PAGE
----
By Zach Crum
Humankind has marveled at the concept of flight for hundreds of years. In 1903, The Wright Brothers achieved the first powered flight on the wind-blown beaches of Kill Devil Hills, North Carolina. The flight was incredibly short, only lasting 829 feet, but getting to the point of sending this giant metal machine through the air was no simple task. They went through many iterations of craft spanning from simple gliders to a clunky gasoline powered airplane before finally achieving flight. The Wright Brothers worked for five years to achieve this feat. Birds, however, have been evolving to maneuver through the air for about 60 million years. Over this vast amount of time, the body and particularly the wings of birds have evolved to become perfectly adapted to the environment and habitat which they call home.
These different adaptations have led to an incredibly wide array of wing structure within birds. Hummingbirds, for example, can be smaller than a cell phone with tiny wings that can beat as fast as 80 beats per minute according to the National Park Service. Meanwhile, Wandering Albatross sport wings that can be up to 12 feet wide and carry them thousands of miles across the open ocean. Birds also exhibit extraordinarily diverse flight styles. Plunge diving birds, such as Osprey, circle rapidly above their prey before tucking their wings back and plummeting through the air at speeds of up to almost 80 miles per hour to pierce their talons into the backs of unsuspecting bait fish. On the other hand, there are more than 60 extant species of flightless birds such as penguins and kiwis, that have no need to fly at all in order to survive.
When considering that there are over 10,000 species of birds existing in all corners of our planet it is clear how diverse their wings must be in structure and function. The question of whether or not we can draw correlations between the physical shape of a bird’s wing and their known ecological traits has recently drawn interest in the scientific community.
That’s where Stephanie Baumgart, Ph.D. candidate at the University of Chicago, and her colleagues come in. They set out to investigate their hypothesis that they could predict waterbirds’ ecological traits, such as how they forage, fly, and what habitat they use strictly by analyzing the shape of their wings.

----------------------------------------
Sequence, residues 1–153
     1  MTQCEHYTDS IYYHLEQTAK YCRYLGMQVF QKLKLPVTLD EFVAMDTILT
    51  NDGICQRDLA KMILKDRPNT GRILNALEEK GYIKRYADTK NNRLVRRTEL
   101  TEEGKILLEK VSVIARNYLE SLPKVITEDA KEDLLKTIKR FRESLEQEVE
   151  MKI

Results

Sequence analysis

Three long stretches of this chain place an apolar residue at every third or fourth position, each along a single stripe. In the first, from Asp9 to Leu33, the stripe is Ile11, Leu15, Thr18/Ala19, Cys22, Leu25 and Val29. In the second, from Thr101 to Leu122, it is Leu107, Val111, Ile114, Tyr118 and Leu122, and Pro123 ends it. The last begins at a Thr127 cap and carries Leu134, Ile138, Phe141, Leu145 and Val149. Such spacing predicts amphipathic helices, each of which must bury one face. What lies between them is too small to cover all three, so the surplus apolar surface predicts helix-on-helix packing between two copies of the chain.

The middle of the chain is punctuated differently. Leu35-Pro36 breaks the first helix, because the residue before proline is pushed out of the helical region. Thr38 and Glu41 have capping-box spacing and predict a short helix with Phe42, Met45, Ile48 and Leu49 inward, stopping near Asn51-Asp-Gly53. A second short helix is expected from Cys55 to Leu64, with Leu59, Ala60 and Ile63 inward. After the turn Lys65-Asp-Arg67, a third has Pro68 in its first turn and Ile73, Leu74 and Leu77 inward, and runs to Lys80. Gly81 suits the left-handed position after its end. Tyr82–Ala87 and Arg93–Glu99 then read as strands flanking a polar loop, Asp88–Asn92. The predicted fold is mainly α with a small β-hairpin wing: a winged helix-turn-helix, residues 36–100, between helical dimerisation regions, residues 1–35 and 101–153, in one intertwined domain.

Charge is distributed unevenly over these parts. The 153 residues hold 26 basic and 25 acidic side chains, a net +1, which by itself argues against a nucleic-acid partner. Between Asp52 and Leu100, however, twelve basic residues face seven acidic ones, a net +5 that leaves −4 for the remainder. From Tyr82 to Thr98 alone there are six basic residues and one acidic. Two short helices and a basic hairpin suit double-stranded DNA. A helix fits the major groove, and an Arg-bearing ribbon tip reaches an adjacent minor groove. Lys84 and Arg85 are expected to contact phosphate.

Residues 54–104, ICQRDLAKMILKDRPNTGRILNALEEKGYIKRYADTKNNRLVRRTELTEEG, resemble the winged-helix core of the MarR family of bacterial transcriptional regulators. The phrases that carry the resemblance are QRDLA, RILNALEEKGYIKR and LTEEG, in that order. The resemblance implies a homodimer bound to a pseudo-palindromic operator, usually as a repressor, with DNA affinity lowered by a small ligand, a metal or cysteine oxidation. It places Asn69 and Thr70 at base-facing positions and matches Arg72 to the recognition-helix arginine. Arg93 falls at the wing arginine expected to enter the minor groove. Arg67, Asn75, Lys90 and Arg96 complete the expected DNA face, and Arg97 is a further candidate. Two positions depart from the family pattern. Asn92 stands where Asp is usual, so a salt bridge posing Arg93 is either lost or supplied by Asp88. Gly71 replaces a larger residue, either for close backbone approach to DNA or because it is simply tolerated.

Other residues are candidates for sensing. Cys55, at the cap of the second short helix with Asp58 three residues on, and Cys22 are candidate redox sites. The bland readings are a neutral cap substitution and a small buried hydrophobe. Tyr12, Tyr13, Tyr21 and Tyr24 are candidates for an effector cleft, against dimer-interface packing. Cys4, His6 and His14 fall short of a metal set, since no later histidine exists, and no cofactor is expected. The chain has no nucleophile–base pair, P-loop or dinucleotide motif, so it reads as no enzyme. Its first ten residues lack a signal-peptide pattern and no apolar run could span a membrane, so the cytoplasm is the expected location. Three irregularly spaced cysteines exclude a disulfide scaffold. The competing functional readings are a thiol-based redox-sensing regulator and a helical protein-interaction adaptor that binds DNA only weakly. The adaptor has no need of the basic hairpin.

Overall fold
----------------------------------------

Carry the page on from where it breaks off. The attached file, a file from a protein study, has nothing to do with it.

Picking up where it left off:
To test their hypothesis, they implemented both linear and geometric analyses to look at the wing shape of 136 different species of waterbirds in relation to many ecological traits. This extensive analysis looked at several metrics of the birds’ wings including wing area, wing loading (a measure of wing area compared to the mass of the wing), and aspect ratio (a ratio of length to width). By digitizing the shape of waterbird wings and comparing the shape data to what is known about the ecological traits of each species they analyzed, they were able to develop several important conclusions.
Baumgart and colleagues were able to conclude that the wingtip shape, area, and aspect ratio of waterbird wings are significant predictors of the bird’s ecological role and foraging style. For example, long wings with pointed wingtips and a curved leading edge are often characteristic of stalking birds, such as the Snowy Egret, which can be seen wading in the shallows of marshes, lakes, and rivers preying on small fish. These metrics, however, were not useful in predicting the flight style, habitat, or migratory behavior of waterbirds. The research presented here by Baumgart and her colleagues also shows evidence for convergent evolution in the shape of waterbird wings; this means that although some different species of waterbirds do not share a recent common ancestor, they adapted over time to develop similar physical adaptations in their wing shape that make them better suited for the coastal and aquatic environments they inhabit. With this new paper, Baumgart and colleagues pave the way for the continued research of convergent evolution in waterbirds and forward our understanding of the relationship between the structure and function of bird wings.
If only the Wright Brothers had been able to read about this research and conduct similar analyses on the wings of their protype planes, perhaps it would’ve saved them five years and many failed attempts at achieving the first powered flight!
Zach Crum received his Bachelor of Science in marine fish conservation from Virginia Tech and is currently working as a lead fisheries technician with the Pacific States Marine Fisheries Commission in Sacramento, California. Zach is an avid angler who is passionate about fisheries ecology, biology, and conservation and will be starting his master’s in applied biology this fall at Salisbury University in Maryland. You can contact him at email@example.com.